Of the Unfriendly Kind
In a era slightly characterized by the raise of “friendly fascism” (great concept borrowed from a classic) some have the nerve to go spotting the unfriendly. In a piece from the New York Review of Books, Sergei Kovalev points out some nasty evolution of the word “democracy” in Russia:
“Furthermore, even now, while “democrats” are seen as unpopular, Putin consistently describes his model of governing as “democracy,” though he qualifies it with ambiguous labels conceived by his brain trust. Putinist democracy is either “managed” (the author of this oxymoron appears to be the political consultant Gleb Pavlovsky) or “sovereign” (a term favored by the deputy head of the presidential administration, Vladislav Surkov). The labels are intended to underscore our originality, our Russian identity. In fact, of course, they undermine the very idea of democracy; but how often do people think carefully about the true meaning of political adjectives? The word “democracy” has been hammered into our heads since Soviet times, when the adjective usually applied to it was “socialist.” By now, of course, even the most dim-witted have realized that the word “democracy” as used by Putin means something quite different than it does when it is spoken by such traitors to the Motherland as Sergei Kovalev.” (from Sergei Kovalev, “Why Putin Wins”, New York Review of Books, November 22 2007)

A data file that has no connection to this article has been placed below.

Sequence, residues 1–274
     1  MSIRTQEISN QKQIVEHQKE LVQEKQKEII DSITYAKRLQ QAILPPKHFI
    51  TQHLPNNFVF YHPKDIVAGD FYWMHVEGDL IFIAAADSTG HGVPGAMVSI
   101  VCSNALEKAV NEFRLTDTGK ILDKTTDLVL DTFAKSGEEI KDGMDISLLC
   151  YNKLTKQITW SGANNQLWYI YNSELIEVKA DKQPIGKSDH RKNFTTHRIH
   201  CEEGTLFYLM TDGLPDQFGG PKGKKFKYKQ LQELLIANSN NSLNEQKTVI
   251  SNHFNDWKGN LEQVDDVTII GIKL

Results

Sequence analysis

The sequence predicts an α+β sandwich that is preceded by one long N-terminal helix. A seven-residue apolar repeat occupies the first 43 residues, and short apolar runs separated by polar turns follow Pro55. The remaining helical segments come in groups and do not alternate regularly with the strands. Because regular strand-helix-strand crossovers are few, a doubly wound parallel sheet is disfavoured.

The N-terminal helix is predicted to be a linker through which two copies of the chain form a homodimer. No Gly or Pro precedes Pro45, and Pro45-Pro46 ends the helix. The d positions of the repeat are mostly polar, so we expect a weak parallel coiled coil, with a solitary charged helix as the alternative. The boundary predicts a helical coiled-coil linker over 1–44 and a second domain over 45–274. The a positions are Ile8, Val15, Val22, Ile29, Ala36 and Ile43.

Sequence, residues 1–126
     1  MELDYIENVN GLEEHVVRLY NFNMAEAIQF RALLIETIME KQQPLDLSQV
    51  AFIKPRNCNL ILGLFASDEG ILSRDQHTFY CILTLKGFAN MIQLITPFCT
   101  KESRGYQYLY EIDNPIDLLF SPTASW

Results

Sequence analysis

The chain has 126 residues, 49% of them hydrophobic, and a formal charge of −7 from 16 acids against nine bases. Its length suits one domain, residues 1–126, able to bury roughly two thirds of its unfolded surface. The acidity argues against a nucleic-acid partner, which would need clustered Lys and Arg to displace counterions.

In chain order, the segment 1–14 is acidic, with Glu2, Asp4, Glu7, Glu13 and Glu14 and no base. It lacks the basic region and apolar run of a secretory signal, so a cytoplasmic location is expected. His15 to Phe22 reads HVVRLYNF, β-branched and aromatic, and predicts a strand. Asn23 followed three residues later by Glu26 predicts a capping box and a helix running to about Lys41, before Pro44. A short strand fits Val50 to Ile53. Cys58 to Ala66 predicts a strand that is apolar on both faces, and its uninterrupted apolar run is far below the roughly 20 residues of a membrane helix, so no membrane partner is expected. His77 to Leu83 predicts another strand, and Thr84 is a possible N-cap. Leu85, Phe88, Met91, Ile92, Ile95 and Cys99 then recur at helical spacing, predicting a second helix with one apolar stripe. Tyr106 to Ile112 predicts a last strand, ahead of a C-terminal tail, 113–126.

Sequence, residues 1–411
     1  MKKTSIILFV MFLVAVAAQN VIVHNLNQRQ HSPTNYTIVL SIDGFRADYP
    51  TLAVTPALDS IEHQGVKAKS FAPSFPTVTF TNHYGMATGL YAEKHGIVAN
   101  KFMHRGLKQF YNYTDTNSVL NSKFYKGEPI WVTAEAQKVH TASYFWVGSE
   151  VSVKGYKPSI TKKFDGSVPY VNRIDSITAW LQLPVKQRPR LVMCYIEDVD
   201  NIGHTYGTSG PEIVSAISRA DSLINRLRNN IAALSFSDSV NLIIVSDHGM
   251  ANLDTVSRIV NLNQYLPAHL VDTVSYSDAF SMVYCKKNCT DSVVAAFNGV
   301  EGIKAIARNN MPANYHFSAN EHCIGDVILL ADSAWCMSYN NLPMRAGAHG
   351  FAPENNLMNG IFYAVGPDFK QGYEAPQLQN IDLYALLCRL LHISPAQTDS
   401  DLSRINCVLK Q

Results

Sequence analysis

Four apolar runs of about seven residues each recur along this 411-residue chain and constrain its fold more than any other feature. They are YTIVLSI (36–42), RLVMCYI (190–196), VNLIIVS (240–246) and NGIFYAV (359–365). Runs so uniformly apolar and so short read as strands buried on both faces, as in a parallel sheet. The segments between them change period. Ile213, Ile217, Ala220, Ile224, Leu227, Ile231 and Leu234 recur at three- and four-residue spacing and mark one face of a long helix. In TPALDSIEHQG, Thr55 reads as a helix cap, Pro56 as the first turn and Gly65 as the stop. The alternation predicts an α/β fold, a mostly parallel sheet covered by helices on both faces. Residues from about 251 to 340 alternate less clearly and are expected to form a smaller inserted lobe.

As in other, less crude cases of political semiotics (see The Politics of Naming), the transformation of words is crucial here. Especially of “democracy” because, as Kovalev points out, there is a widespread argument that goes like: “Well, yes, the Russian president is an unpleasant person. We can see the authoritarian, nearly totalitarian direction of his policies. But what can you do? He has won two elections with impressive results”. Against this and other sorts of explanatory hypotheses about the popularity of Putinism (such as “yes, but the economy goes well” or “people like stability”), Kovalev has the unpleasant idea of checking out the good old performative features of propaganda:
“By 2004 the concepts of “absolute power” and the “special forces” had, in effect, merged with the monarchy’s two-headed eagle, as had the Soviet anthem (enriched with the words “Motherland” and “God”). Putin’s team quickly accomplished their most important task—the capture of television—and once it had been completed, the country was subjected to pervasive, incessant propaganda that was far more skillful, effective, and all-encompassing than anything the Soviets ever conceived. The mass media have relentlessly hammered home images of Putin as a charismatic ruler leading a national renaissance, while portraying Putinism as the guarantor of stability and order. They have drummed the values of the imperial state into the social mind. They have consistently caricatured and trivialized any alternative concepts of Russia’s development, particularly those based on values of freedom and genuine, rather than “managed,” democracy. In short, they have transformed all the diverse hypotheses about Putin’s popularity from partial explanations into a single, dominant, and overwhelming reality.” (from Sergei Kovalev, “Why Putin Wins”, New York Review of Books, November 22 2007)
Readers wanting to get scared by the echoes of Putinism can have a look at this interesting video, corresponding to the article “Youth Groups Created by Kremlin Serve Putin’s Cause” (New York Times, July 8 2007).